Our Real Estate Blog

Mortgage Rates (2/4/2011)

February 4th, 2011 10:20 AM by Lehel S.

Friday’s bond market has opened in negative territory after this morning’s employment data showed quite confusing results. The stock markets initially reacted favorably to the news pre-market, but have since changed direction. The Dow and Nasdaq are nearly unchanged with both indexes up only a couple of points. The bond market is currently down 10/32, which will likely push this morning’s mortgage rates higher by approximately .250 - .375 of a discount point if comparing to yesterday’s morning rates. Weakness late yesterday is contributing to that increase.

Today’s major data was January’s Employment report that was released early this morning. It did anything but give us a clear indication of whether the labor market has improved or worsened. The headline numbers made little sense to the markets and have led to plenty of speculation about why one reading showed strength in jobs while other theories indicated weakness. Depending on who you believe, this report is very good news for bonds or extremely bad. Unfortunately, the correct answer is probably in between somewhere.

The Labor Department announced that the U.S. Unemployment rate fell from 9.4% in December to 9.0% last month. This was a huge surprise because analysts were expecting to see it increase to 9.5%, which supports the side that says this report shows strength in the labor market and makes it bad news for bonds and mortgage rates. However, the data also showed that only 36,000 new jobs were added to the economy last month, falling well below forecasts of 148,000. That headline number points toward labor weakness, meaning it was good news for the bond market.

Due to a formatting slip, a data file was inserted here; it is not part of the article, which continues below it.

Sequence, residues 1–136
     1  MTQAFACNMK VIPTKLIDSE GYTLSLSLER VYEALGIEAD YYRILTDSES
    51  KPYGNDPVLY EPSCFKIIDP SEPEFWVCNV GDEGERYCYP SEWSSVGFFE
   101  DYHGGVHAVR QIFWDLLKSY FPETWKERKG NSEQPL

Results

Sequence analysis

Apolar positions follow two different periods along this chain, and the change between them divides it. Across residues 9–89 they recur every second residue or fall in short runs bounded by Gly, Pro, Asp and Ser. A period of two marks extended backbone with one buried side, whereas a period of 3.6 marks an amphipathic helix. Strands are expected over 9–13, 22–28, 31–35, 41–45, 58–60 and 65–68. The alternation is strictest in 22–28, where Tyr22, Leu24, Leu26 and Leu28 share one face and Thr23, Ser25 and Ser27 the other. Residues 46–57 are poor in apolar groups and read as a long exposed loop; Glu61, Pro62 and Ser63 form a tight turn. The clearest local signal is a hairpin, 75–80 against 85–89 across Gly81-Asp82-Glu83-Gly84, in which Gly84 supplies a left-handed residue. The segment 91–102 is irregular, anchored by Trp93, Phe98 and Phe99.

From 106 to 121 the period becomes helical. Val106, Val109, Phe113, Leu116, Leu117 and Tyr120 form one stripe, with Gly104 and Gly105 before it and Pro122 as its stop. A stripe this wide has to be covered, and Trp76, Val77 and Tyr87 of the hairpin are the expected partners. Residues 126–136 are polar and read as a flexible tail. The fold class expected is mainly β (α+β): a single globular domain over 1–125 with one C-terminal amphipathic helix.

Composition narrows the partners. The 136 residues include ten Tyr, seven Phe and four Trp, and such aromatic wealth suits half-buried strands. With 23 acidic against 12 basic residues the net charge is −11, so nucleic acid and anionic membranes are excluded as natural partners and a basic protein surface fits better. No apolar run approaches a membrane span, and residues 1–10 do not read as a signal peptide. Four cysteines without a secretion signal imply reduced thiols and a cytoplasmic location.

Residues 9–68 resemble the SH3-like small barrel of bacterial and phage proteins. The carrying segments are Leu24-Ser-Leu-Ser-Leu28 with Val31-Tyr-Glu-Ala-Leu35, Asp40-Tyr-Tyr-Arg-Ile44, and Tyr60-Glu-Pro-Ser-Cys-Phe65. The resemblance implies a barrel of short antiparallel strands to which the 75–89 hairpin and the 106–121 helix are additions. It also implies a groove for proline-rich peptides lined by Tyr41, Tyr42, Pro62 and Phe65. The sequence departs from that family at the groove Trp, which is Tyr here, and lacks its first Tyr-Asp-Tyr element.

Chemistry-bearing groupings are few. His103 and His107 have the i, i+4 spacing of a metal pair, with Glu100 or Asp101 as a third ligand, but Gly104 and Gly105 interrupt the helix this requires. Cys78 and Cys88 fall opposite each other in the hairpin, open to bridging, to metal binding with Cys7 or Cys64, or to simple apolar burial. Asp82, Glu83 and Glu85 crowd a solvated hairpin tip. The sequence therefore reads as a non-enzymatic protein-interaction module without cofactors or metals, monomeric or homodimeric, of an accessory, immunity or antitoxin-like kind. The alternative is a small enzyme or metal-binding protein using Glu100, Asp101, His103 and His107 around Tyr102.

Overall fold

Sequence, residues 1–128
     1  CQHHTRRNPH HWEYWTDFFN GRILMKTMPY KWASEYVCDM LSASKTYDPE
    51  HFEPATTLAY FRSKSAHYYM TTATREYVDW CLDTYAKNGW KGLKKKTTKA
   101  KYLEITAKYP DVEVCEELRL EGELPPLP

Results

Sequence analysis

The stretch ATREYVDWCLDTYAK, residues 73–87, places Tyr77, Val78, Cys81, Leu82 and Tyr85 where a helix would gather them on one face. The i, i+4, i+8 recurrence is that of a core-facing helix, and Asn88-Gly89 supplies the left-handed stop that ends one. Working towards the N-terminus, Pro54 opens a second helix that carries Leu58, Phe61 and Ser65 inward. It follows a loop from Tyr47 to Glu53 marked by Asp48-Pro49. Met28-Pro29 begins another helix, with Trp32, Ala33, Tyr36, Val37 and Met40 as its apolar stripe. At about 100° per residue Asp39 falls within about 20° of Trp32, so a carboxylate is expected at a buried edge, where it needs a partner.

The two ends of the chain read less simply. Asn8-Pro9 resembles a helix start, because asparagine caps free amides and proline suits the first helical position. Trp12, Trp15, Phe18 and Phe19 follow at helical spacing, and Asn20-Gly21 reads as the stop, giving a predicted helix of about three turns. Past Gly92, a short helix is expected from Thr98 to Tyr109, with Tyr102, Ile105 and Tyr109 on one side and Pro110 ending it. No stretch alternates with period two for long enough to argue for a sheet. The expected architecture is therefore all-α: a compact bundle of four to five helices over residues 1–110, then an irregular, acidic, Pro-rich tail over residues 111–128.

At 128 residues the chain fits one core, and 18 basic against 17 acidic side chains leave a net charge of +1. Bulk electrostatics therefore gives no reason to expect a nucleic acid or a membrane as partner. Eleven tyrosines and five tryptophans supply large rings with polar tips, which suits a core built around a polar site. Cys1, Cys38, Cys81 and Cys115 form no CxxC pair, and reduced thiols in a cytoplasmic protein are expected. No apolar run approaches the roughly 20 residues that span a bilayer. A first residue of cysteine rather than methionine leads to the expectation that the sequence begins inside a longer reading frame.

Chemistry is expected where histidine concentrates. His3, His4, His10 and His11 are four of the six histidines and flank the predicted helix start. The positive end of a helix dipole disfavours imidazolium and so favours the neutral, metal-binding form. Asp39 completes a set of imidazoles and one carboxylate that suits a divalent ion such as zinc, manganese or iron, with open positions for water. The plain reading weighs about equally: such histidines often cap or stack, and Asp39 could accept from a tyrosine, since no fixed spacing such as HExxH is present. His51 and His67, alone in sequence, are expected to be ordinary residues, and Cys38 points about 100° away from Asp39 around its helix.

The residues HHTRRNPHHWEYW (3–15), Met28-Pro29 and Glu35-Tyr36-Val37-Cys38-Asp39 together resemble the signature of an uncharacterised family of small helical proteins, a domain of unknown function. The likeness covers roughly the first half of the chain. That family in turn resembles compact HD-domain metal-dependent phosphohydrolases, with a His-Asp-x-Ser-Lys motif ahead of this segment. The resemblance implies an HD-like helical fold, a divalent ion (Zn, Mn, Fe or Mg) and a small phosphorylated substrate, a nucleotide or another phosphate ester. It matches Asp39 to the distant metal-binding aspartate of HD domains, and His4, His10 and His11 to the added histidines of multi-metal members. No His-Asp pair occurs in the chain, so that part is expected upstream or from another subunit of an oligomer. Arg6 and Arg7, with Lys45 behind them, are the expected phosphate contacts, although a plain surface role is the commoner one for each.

So, which side should we hook our wagon to? That is an extremely good question with no good answer. The weather could have heavily skewed the numbers, but it could have been either way. Watching the pundits on TV this morning certainly did not help sway my vote either. There seems to be a lack of a consensus amongst them and market traders, leaving all of us scratching our heads.

A bit of data in the report that could have been the deciding factor for bonds to move lower this morning was the average hourly earnings data. It showed an increase in earnings of 0.4% that was twice what analysts had expected. Rapidly rising wages leads to concerns about wage inflation that can easily spread to other parts of the economy and means consumers have more money to spend. Therefore, this reading is negative for bonds and mortgage rates.

Next week is light in terms of economic releases, but we do have two relevant Treasury auctions and an appearance by Fed Chairman Bernanke that will likely influence the markets. There is nothing of relevance until the middle part of the week, but look for details on next week’s events in Sunday’s weekly preview.

If I were considering financing /refinancing a home, I would.... Lock if my closing was taking place within 7 days... Float if my closing was taking place between 8 and 20 days... Float if my closing was taking place between 21 and 60 days... Float if my closing was taking place over 60 days from now... This is only my opinion of what I would do if I were financing a home. It is only an opinion and cannot be guaranteed to be in the best interest of all/any other borrowers. 
Posted in:General
Posted by Lehel S. on February 4th, 2011 10:20 AM

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